I posted an entry this week over at Qideas about science and evangelical religion. Columnists are hyperventilating at what they perceive to be the anti-intellectualism of the Republican candidates, and more than a few are drawing conclusions about evangelicals from what they hear. But survey data on attitudes toward science among evangelicals are more encouraging, and show that they more faithfully Christians actually practice their religion (for example by reading the Bible!), the more sympathetic they feel toward science and its findings.
One study showing that religiosity leads to harmony between science and religion comes from Baylor University, where researcher Aaron Franzen finds that increased frequency of Bible reading is tied to, among other things, improved attitudes toward science. “Respondents were 22 percent less likely to view religion and science as incompatible at each step toward more frequent Bible reading,” according to David Briggs, who reported the Baylor study for Association of Religion Data Archives. (Interestingly, higher rates of Bible reading were also correlated with greater support for social and economic justice, simple lifestyles, humane treatment of criminals, and with lower support for abortion, same-sex unions, the death penalty, and the expansion of the war on terrorism.)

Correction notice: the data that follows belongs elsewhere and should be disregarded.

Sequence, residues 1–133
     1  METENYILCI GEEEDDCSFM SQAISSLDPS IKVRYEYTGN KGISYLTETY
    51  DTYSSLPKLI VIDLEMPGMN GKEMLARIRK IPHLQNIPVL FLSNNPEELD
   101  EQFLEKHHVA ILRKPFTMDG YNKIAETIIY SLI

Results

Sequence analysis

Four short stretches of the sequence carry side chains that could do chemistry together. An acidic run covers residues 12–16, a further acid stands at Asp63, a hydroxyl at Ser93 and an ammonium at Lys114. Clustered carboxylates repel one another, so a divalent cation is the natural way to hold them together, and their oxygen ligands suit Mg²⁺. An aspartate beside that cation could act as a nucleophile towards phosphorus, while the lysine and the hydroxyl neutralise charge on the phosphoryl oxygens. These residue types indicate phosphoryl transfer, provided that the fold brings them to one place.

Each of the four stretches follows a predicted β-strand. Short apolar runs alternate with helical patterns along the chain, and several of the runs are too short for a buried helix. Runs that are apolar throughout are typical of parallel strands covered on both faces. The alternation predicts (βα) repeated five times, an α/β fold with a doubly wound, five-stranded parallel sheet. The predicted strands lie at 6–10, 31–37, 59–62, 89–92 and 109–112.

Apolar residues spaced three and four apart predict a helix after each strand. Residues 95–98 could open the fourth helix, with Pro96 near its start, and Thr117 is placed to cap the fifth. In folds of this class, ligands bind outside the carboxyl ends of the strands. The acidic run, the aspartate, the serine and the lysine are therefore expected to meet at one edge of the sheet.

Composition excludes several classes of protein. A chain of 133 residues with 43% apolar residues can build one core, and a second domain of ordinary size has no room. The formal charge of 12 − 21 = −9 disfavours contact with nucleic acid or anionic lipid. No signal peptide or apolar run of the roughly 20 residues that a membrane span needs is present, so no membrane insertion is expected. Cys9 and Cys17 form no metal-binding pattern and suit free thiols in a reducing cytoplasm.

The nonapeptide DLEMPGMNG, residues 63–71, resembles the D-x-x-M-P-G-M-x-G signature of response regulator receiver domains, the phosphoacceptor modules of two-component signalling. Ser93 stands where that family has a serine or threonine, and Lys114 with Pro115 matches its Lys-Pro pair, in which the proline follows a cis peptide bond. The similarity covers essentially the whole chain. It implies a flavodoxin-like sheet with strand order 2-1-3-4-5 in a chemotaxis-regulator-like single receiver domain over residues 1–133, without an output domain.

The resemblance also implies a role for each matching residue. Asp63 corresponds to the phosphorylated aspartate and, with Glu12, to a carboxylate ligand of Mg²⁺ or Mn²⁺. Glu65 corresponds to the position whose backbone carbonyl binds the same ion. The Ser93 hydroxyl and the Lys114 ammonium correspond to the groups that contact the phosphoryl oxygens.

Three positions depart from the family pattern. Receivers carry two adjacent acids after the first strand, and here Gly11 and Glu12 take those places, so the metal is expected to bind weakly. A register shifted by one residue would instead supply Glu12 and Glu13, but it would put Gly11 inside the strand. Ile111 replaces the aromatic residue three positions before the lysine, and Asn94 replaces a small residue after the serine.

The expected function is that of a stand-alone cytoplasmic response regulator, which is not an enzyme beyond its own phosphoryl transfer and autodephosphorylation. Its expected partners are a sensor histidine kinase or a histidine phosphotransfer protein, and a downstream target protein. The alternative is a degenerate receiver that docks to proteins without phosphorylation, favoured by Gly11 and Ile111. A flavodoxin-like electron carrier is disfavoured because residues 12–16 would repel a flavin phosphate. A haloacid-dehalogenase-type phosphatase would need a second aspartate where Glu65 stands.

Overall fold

Interesting this week that the Obama administration was derided for giving in to “anti-science” pressure when it blocked over-the-counter access to the “morning after” pill for minors. Those pundits are willfully ignorant about what is science and what is morality, thinking that measurements of a drug’s effectiveness ought somehow to determine whether a minor should be able to access it without adult guidance or parental input. The same goes for claims that opposition to fetal stem cell research is somehow anti-scientific. One can certainly accept that experimenting on human embryos may lead to advances in scientific knowledge, while at the same time affirming that it is entirely immoral to conduct such research.